I stared at them both, not understanding a word they spoke.

“Come on Mallie, we’ll take you to the Arena.” Isla held out her arm. I retreated from Trayen and followed her out of the bathroom. Trayen joined us from behind as Isla whispered frantically to me while we rushed down the hallway.

“Your name is Mallie. You’re a first year Guardian-in-training. You stood on Guard twelve hours ago at the Sun Shrine. During the day we sleep, unless we’re Guarding one of the nine shrines. At night we take classes to enhance our skills. We’re not allowed to visit the other side of the campus; that is where the Shapers-in-training are. Their classroom schedule is the opposite of ours.

“I’m Isla, your best friend. He’s Trayen, another close friend.” She nodded behind us to where Trayen followed. “You are in the academy on the northern continent. Right now we’re headed to the Arena where our class reports about their Guard duties. We’re tested during our shifts. They’ll want to know if you took any action at all, and how you overcame the challenge that was presented to you.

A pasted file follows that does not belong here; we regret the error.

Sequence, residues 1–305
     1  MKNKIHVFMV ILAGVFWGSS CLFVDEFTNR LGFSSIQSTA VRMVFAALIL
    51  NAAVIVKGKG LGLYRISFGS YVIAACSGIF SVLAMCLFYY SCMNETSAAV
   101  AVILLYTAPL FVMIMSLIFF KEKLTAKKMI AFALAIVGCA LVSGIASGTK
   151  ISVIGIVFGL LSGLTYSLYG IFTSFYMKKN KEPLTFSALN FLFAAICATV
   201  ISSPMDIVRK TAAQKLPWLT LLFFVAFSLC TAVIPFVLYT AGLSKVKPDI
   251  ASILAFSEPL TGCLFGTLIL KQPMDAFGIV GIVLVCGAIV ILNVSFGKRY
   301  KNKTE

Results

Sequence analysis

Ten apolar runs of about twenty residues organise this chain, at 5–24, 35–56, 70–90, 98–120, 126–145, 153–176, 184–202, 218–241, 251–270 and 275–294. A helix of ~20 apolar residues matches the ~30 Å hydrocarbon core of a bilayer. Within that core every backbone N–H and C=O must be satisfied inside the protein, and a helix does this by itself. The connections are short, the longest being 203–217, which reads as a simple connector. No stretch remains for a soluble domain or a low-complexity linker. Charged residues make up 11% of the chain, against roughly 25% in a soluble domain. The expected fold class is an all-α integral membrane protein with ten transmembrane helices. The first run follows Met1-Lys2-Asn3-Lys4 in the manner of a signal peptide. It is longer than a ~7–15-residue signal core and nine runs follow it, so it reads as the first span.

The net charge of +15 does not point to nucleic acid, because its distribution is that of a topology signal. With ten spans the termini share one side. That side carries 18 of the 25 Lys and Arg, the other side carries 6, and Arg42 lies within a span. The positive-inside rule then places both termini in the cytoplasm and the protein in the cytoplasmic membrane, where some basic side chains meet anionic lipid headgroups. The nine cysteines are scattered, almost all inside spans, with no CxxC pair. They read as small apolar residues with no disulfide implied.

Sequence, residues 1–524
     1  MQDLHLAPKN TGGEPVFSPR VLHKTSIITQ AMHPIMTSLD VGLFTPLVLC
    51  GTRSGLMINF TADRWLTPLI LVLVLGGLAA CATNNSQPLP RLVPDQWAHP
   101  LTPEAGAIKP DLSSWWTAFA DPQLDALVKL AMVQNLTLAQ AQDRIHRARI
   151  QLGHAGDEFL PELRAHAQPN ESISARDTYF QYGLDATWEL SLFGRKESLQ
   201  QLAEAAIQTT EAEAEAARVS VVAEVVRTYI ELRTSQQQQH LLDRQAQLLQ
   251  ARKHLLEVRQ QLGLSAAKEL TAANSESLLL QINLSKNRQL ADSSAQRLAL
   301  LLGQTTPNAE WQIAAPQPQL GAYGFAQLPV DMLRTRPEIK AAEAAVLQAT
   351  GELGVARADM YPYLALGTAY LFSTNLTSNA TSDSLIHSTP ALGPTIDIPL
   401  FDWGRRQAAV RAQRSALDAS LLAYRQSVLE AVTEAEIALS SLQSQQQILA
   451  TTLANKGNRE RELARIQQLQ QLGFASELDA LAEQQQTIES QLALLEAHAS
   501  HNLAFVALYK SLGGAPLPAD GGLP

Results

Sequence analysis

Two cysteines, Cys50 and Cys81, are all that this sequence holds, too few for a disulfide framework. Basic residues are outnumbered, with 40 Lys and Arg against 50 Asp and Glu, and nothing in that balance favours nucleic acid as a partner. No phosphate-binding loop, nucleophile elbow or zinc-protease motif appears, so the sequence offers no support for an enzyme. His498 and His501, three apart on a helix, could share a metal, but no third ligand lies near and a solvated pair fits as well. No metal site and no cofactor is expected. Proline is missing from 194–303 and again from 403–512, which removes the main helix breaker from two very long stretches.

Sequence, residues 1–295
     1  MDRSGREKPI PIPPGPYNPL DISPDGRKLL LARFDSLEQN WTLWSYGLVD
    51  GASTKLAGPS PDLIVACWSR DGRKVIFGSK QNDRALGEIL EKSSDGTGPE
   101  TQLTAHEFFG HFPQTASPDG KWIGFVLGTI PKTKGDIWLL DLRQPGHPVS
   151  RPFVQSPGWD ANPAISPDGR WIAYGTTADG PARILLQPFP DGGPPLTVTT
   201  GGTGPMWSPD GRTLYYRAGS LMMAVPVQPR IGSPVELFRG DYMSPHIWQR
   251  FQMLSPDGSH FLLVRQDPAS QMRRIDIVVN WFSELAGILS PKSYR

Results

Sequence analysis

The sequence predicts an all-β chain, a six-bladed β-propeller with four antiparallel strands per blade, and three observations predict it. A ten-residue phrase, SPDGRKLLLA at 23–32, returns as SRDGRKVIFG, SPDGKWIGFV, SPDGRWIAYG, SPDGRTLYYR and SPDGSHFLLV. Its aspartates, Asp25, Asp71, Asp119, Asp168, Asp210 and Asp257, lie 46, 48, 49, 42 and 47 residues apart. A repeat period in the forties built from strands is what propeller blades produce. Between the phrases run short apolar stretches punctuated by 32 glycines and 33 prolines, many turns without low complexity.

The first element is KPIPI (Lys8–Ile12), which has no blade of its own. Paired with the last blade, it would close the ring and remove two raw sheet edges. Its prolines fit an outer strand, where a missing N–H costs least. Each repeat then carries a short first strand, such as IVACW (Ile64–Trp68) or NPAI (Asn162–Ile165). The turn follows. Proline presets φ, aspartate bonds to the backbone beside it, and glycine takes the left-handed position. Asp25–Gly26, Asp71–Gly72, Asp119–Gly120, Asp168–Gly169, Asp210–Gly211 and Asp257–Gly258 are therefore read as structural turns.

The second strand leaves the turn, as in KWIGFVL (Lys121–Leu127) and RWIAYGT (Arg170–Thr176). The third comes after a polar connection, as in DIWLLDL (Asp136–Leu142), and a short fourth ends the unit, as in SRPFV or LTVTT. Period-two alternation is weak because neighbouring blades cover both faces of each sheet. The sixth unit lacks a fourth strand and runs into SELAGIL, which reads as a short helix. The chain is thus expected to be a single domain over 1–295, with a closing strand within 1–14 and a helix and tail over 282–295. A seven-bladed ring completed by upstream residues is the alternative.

“We don’t know what happened at the Shrine, because neither of us was with you while you were Guarding. If you are called to report, you must waive your testimony and prepare for a challenge. Take up the sword, even if you’re not great at fencing, your instincts will take over. It’s okay to lose, just try to win.”

By the time she was done talking, we had reached the Arena. I was completely engrossed by Isla’s words that I missed the direction and scene change until I was out of the halls and onto the grounds. Later, I remembered the décor as the tall windows disappeared and the arch ways grew wider until they met the beginning of the central courtyard. The Arena lay beyond it, sunken into the ground. It was made up of stone walkways and wooden benches. Many circular stone tiered walls encased the Arena blocking the outside view from the spectators.

We entered the Arena from the south entrance. Isla and Trayen gasped as we approached the benches. They hesitated for a moment before picking a bench near the top, on the left side.